The Rolf Method of Structural Integration

Structural Integration, a technique that is process-centered is a method of balancing the body in sections in order to achieve vertical alignment. The practitioner uses a variety of methods of observation and movement to help balance the body's front and back, sides in, out, and inside. The practitioner will take a questionnaire about the client's health and will discuss the goals of the client. They are observed during the treatment to determine if structural integration is appropriate for their needs. Read on to learn more about the Rolf Method and the techniques used to implement this method.

Rolf Method to Structural Integration

The Rolf Method of Structural Integration is a unique bodywork technique. It was invented by Dr. Ida P. Rolf and aims to re-align the body via the release of adhesions and holding patterns and connective tissue. This allows muscles and joints to move more efficiently. This leads to a more healthy and well-balanced body free of tension or pain, energy and other ailments. The end result is improved the performance of athletes.

The Rolf Method of structural integration is usually performed in 10 sessions that last between 60 and 90 minutes. Additionally, each session builds upon the one preceding it. The aim of structural integration is to attain vertical alignment while balancing the body's segments. The outcomes can be transformative. If you're interested in finding out more about it, contact your local provider. Please fill out this form to request a session.

Structural Integration's effectiveness

The concept of structural integration is an holistic process that involves the body as well as the mind, and can be efficient for a range of physical issues. The treatment is founded on the theories of Dr. Ida P. Rolf. Practitioners of this technique are educated through the International Association of Structural Integrators. Board Certified Structural Integrationators have successfully completed a certification program and passed the basic competency test. IASI members are urged and urged to study the Structural Integration Brochure. This brochure describes the method.

Structural integration may also be effective in treating conditions like chronic fatigue syndrome. Retrospective chart reviews of 121 patients suffering from chronic fatigue syndrome found that treatment was well received by participants. This method is also successful for treating patients suffering from musculoskeletal disorders. In addition to reduction in pain structural integration could also help patients increase their height. But, the results are not constant. But, they do suggest that the benefits do not occur immediately. Many clients report a reduction in pain, a noticeable rise in height, and a better flexibility.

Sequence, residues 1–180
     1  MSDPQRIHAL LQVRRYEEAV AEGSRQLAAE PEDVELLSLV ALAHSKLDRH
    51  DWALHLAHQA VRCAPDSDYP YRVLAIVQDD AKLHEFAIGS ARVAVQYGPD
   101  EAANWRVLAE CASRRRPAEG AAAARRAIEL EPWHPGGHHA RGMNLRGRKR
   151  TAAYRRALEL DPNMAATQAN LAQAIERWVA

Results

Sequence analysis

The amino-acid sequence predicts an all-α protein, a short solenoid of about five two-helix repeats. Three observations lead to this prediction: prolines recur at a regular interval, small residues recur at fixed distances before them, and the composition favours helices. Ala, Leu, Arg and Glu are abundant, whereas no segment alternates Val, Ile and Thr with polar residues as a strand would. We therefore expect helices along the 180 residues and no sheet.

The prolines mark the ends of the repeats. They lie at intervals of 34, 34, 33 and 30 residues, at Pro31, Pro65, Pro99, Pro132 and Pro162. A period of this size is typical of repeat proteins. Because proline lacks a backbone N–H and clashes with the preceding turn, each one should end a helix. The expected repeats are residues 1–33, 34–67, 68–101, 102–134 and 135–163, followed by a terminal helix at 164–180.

The fundamentals and methods of structural integration are based upon the work of Dr. Ida P. Rolf. Practitioners of structural integration are trained through the International Association of Structural Integrators (IASI). They have been Board Certified and passed a basic competence test. The IASI created a brochure that provides detailed information about the procedure. The brochure is available by members of the IASI.

A Structural Integration Therapist is a professional highly trained in recognizing the relationships between the body's different parts. Instead of focussing on a specific symptom, a practitioner focuses on changing habits of movement that are interfering in the clients ability to breathe, move, and perform daily tasks. This practice involves hands-on manipulation and re-education of movements. It allows the practitioner to identify and correct deeply-rooted patterns in posture and movement. Patients suffering from chronic pain, poor posture or other problems might benefit by structural integration. For athletes, structural integration may be beneficial.

Schools that are able to practice Structural Integration

Schools that teach structural integration train practitioners to reconstruct and remodel myofascial structures and connective tissue. The concepts of structural integration were first developed by Dr. Ida Rolf, who created the IASI. The IASI is committed to ensuring the integrity of structural integration as well as growing it in the future. Students attending a School that practices structural integration are prepared to join the Association and take its internationally-recognized certification exam.

The Basic 10 course is one of the classes offered in schools that are practicing structural integration. It covers both the historical and theoretical foundations of the discipline. Students will also be able to experience movement in a hands-on manner and understand the process-oriented context of the practice. Technique-driven modalities will also be studied and emphasized on the body as an organism. When you have completed all 10 classes, students can be awarded the title Structural Integr Professional.

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